Jack Wighton is ready to grab the opportunity to play in the halves for the Raiders with both hands. Photo: Rohan Thomson
Canberra coach Ricky Stuart has compared him with a young Laurie Daley, and now Jack Wighton will be given his chance to stake a claim for the Raiders' No.6 jersey.
While Josh McCrone's switch from the halves to hooker has long been expected, Wighton looms as his potential replacement in the halves and will be named at five-eighth for Canberra's opening trial match against the Melbourne Storm on Saturday, February 8.
Regular five-eighth Terry Campese will be one of several senior players rested for Canberra's first pre-season match, but Stuart has made it clear that Wighton is a genuine option to partner the skipper in the halves once the NRL season kicks off.
''I'm not putting him [Wighton] there for no reason,'' Stuart said.
''We know he can play wing and centre. I want to see how he handles six. I think he can be more of an asset closer to the action.
''It's going to take some time to adjust, that's why I'm playing him in some trials there to see if it's going to be worthwhile early [in the NRL season], or something down the track.''
Stuart hinted at the positional move in October last year when he told Fairfax Media: ''[Wighton] reminds me of a Laurie Daley-style player, he's a running six.''
But it was widely thought Wighton would replace sacked NSW Origin representative Blake Ferguson in the centres, where Wighton represented NSW Country last year.
Wighton and rookie halfback Mitch Cornish will start in the halves against the Storm, with McCrone at hooker.
Wighton represented Australian Schoolboys at five-eighth, but the 20-year-old has played all his 27 NRL games at centre or wing.
''The biggest challenge is having the self-confidence in leading the boys around,'' Wighton said of the switch.
''Ricky's been really good in helping me in that area. He said even if it isn't this year, I'm still young and he sees me as a half in the future.
''Of course it's going to be different with that pressure on me, but I'm definitely excited about another challenge.
''Centres, though, is still a massive possibility for me this year.''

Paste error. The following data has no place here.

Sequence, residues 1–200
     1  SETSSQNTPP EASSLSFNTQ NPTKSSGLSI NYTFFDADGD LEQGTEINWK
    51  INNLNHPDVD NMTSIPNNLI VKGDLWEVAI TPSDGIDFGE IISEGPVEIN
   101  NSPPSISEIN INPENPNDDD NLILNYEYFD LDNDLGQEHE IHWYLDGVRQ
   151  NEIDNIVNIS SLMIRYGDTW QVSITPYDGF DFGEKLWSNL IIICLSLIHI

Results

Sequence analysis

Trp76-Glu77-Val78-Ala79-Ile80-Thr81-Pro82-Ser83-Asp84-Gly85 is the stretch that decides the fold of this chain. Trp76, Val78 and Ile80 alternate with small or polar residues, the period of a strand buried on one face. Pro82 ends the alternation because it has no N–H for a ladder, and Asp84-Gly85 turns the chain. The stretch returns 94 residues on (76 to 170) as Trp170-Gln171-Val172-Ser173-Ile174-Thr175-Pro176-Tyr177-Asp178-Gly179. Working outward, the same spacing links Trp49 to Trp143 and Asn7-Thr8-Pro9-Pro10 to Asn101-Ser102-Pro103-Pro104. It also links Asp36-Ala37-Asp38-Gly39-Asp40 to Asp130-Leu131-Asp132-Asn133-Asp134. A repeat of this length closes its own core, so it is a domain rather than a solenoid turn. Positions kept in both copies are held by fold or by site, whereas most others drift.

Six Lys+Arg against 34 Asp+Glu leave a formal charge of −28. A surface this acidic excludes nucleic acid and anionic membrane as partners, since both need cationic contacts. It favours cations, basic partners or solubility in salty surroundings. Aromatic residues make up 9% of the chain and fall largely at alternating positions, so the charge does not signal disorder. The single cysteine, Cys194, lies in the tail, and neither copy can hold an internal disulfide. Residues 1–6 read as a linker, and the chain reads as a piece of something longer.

Wighton's running game could make him an ideal foil for Campese, who will be charged more with steering the team's attack.
''It really helps having a half like Campo. He leads them around and I just run off the back of that,'' Wighton said.
''I'll grow in confidence over the year if I do get that role, and hopefully become more of a leader.''
Campese backed Wighton to rise to the challenge should he be anointed his halves partner.
''There's no reason why he won't jump in that spot and dominate in first grade,'' Campese said.
''He's played five-eighth before and it's a position he's comfortable with; he's a big kid and a great defender.
''He just has to look back on his form he's shown in first grade so far. He's matched it with the best of them.
''Jack should take confidence out of that and think about running the ball, that's his best attribute.''
Wighton sought Campese's advice after breaking his leg in two places against Canterbury in round 23 last year. It was his second season-ending injury, having torn a ligament in his toe the year before.
Wighton has since re-signed with Canberra until the end of 2016.
''There's a lot more work to do in getting that strength back and being mentally confident with it,'' Wighton said.
''As soon as it happened, Campo was the first guy I spoke to. It was pretty slow [recovery] to start with and I was worried, but it's come good now.
''I'd love to become a one-club person, that's the ultimate dream … Canberra's home and I love it here.''
Canberra's World Cup contingent Brett White, Anthony Milford and Josh Papalii are also tipped to sit out the opening trial.